Bahman Ghobadi | A Time for Drunken Horses

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Bahman Ghobadi

A Time for Drunken Horses

A Time for Drunken Horses (2000) is the first feature film of Iranian film director Bahman Ghobadi. Ghobadi is a member of the Kurds, a large ethnic group that lives in several Middle Eastern countries. The US has had to enforce a no-fly zone in Northern Iraq, to keep Saddam Hussein from bombing the Kurds. A Time for Drunken Horses is reportedly the first Iranian film to be shot largely in the Kurdish language.

A Time for Drunken Horses is an excellent movie. It shows the lives and titanic struggles of a family of desperately poor Kurdish orphans, who work as child laborers to survive. While the film is grim, it is definitely gripping throughout. Also, the characters are idealistic. They are constantly trying to make the best of what they have - which is not much. But the film shows little of the self-pity and angst that seems to be washing through big budget Hollywood thrillers, such as David Fincher's atrocious Se7en (1995). While Fincher shows people weeping and wailing about phony problems, A Time for Drunken Horses shows people trying to cope intelligently and straightforwardly with real problems. Watching these admirably gutsy characters is not depressing. Instead, the film implicitly suggests that the viewer should do practical things to help. I can think of two things: people can give money to charities that help poor people in the Third World. And they can strongly encourage their governments to step up their contributions to world health and development. The response of my own country, the United States, has so far been dreadful. We are the richest country in the history of the world, but we do little to contribute money to the poor. Just a small increase of US aid could go far towards wiping out hunger and AIDS in Africa, for instance. We can and should be doing much, much more.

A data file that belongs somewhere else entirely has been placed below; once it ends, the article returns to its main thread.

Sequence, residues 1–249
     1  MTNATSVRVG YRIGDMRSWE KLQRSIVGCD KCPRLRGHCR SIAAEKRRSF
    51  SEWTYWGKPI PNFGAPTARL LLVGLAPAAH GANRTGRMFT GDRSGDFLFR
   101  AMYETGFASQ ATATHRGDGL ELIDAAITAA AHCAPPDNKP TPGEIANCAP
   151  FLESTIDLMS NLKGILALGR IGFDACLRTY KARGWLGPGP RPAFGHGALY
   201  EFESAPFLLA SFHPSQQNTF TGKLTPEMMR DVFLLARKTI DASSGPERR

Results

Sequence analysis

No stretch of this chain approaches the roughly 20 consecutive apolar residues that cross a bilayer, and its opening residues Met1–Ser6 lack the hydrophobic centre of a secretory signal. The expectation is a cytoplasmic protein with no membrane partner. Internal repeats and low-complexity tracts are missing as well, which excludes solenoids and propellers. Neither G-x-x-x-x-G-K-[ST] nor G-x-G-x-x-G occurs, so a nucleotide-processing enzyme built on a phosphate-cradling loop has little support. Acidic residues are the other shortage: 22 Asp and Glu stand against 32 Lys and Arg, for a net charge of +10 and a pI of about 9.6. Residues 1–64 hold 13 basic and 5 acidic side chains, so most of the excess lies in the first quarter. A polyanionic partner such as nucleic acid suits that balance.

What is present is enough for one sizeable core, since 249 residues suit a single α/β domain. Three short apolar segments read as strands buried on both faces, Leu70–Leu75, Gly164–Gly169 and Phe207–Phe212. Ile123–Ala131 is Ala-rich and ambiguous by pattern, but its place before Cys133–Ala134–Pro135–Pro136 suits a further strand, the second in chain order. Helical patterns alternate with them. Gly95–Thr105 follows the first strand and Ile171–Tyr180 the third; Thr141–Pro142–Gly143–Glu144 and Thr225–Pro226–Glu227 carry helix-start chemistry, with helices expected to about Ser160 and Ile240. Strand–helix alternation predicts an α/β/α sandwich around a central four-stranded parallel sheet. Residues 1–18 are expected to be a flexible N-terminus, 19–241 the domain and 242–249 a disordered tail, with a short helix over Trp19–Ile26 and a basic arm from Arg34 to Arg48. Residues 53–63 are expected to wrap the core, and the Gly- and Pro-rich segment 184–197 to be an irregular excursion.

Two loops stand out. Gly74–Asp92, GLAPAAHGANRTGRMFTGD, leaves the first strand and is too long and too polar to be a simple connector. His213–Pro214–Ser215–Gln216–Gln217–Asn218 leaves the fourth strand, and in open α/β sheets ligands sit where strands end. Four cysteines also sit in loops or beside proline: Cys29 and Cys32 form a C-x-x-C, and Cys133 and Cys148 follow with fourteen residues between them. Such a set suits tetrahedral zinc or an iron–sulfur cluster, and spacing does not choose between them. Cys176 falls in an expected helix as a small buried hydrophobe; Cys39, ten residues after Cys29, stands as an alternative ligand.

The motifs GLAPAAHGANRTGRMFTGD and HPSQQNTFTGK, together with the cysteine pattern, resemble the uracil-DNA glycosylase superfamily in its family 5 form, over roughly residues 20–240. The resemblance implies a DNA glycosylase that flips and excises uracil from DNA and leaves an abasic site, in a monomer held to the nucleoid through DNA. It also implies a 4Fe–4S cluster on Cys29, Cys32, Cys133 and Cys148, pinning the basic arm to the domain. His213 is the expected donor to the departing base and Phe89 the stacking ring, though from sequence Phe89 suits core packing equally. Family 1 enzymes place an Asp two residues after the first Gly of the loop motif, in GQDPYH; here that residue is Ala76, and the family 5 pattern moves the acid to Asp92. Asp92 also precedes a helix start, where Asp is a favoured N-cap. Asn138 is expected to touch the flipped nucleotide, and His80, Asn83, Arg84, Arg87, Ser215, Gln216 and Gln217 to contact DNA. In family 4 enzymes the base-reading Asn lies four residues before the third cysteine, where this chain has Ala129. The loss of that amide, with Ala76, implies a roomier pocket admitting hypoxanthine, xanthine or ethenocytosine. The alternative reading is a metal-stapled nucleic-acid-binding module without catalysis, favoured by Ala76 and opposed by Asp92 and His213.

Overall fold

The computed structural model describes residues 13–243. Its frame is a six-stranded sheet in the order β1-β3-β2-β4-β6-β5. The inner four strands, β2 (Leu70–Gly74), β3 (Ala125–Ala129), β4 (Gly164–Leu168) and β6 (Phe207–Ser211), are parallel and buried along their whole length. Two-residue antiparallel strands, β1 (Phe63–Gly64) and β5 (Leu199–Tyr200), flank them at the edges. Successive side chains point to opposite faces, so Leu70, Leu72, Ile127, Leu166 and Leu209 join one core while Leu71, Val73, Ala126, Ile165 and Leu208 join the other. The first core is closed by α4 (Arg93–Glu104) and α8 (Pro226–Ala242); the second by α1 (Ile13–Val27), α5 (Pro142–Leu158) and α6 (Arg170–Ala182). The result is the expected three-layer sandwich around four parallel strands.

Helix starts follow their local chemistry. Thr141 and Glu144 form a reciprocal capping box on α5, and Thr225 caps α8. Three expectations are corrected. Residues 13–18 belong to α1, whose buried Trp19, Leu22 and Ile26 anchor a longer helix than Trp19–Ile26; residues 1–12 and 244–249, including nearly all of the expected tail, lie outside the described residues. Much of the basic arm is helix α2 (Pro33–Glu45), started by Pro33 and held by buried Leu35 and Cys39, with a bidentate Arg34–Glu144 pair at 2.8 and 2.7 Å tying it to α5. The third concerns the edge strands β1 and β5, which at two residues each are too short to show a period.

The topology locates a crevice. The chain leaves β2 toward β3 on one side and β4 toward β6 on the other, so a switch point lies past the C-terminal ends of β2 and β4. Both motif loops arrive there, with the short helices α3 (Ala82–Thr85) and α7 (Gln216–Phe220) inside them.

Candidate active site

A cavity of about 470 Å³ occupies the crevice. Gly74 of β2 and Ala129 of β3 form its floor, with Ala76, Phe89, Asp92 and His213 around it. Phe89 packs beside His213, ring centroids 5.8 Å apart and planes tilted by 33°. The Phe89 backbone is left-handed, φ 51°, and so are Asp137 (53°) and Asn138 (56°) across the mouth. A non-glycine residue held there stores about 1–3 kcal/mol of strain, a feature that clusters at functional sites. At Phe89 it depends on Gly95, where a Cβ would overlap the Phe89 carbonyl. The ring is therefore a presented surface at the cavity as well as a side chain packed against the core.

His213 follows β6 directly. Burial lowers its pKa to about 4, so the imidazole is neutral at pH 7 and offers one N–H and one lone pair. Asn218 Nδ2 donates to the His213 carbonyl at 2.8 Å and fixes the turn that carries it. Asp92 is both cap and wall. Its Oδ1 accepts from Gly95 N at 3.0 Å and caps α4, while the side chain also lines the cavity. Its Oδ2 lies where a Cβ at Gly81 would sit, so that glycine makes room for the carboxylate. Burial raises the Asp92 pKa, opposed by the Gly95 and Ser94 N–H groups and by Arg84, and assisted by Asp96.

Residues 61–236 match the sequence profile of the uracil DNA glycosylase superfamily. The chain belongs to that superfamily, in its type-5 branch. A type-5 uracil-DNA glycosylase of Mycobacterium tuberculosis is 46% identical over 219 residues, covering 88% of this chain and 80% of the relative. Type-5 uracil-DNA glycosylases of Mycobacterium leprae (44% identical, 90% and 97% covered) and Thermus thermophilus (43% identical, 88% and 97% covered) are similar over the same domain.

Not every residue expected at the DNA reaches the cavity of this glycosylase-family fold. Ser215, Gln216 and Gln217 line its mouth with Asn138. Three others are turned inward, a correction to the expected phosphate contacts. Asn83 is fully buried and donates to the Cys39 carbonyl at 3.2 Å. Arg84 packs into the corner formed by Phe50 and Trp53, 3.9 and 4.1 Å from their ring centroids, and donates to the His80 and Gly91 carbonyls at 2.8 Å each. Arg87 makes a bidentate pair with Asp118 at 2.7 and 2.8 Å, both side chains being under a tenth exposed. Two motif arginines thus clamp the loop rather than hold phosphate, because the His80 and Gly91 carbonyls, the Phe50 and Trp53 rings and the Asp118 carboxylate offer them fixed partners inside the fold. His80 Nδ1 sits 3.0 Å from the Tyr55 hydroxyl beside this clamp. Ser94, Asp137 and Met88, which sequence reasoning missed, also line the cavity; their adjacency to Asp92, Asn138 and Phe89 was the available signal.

A Time for Drunken Horses shows the devastation that land mines bring to poor countries around the globe. Land mines are one of the world's worst problems. I do not see how any civilized person could watch this film, or Mohsen Makhmalbaf's Kandahar (2001) in which the consequences of land mines are also shown, and not try to support the treaty to ban land mines. This is a treaty that the United States should sign immediately.


Like many other Iranian films, A Time for Drunken Horses is influenced by Italian Neorealism. Like the Neorealists before them, this film uses non-professional, amateur actors, is shot on real locations, and deals with pressing problems of poor people. A Time for Drunken Horses also shows some of the specifically Iranian developments of this approach, such as an emphasis on children, and the use of question and answer dialogue scenes, one of which is heard under the opening credits of A Time for Drunken Horses.